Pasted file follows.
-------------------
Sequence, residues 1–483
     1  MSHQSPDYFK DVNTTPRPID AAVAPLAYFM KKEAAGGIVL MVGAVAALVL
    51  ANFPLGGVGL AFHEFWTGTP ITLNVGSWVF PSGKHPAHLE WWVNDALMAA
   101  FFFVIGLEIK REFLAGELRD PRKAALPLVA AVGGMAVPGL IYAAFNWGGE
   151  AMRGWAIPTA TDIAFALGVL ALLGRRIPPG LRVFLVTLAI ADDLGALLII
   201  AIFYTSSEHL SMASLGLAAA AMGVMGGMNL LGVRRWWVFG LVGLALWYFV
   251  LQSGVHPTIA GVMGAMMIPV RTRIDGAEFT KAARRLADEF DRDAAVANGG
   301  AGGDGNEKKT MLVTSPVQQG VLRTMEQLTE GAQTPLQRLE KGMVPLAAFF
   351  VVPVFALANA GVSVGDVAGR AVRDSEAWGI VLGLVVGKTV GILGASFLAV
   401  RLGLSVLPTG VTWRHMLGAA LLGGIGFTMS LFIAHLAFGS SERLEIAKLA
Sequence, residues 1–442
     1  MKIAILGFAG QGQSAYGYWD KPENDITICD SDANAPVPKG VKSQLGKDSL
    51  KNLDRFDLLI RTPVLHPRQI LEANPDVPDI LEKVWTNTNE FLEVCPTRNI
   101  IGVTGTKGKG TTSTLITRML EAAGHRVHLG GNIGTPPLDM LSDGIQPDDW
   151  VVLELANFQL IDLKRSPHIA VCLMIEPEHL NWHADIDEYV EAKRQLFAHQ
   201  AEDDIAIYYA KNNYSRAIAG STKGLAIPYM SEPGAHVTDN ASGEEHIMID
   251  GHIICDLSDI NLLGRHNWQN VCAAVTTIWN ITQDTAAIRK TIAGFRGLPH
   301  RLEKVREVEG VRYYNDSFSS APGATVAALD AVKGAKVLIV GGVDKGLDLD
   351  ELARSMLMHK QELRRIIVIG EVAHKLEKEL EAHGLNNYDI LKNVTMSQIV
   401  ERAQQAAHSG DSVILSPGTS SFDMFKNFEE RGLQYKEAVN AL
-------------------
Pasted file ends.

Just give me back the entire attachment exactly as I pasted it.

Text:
Sequence, residues 1–483
     1  MSHQSPDYFK DVNTTPRPID AAVAPLAYFM KKEAAGGIVL MVGAVAALVL
    51  ANFPLGGVGL AFHEFWTGTP ITLNVGSWVF PSGKHPAHLE WWVNDALMAA
   101  FFFVIGLEIK REFLAGELRD PRKAALPLVA AVGGMAVPGL IYAAFNWGGE
   151  AMRGWAIPTA TDIAFALGVL ALLGRRIPPG LRVFLVTLAI ADDLGALLII
   201  AIFYTSSEHL SMASLGLAAA AMGVMGGMNL LGVRRWWVFG LVGLALWYFV
   251  LQSGVHPTIA GVMGAMMIPV RTRIDGAEFT KAARRLADEF DRDAAVANGG
   301  AGGDGNEKKT MLVTSPVQQG VLRTMEQLTE GAQTPLQRLE KGMVPLAAFF
   351  VVPVFALANA GVSVGDVAGR AVRDSEAWGI VLGLVVGKTV GILGASFLAV
   401  RLGLSVLPTG VTWRHMLGAA LLGGIGFTMS LFIAHLAFGS SERLEIAKLA
Sequence, residues 1–442
     1  MKIAILGFAG QGQSAYGYWD KPENDITICD SDANAPVPKG VKSQLGKDSL
    51  KNLDRFDLLI RTPVLHPRQI LEANPDVPDI LEKVWTNTNE FLEVCPTRNI
   101  IGVTGTKGKG TTSTLITRML EAAGHRVHLG GNIGTPPLDM LSDGIQPDDW
   151  VVLELANFQL IDLKRSPHIA VCLMIEPEHL NWHADIDEYV EAKRQLFAHQ
   201  AEDDIAIYYA KNNYSRAIAG STKGLAIPYM SEPGAHVTDN ASGEEHIMID
   251  GHIICDLSDI NLLGRHNWQN VCAAVTTIWN ITQDTAAIRK TIAGFRGLPH
   301  RLEKVREVEG VRYYNDSFSS APGATVAALD AVKGAKVLIV GGVDKGLDLD
   351  ELARSMLMHK QELRRIIVIG EVAHKLEKEL EAHGLNNYDI LKNVTMSQIV
   401  ERAQQAAHSG DSVILSPGTS SFDMFKNFEE RGLQYKEAVN AL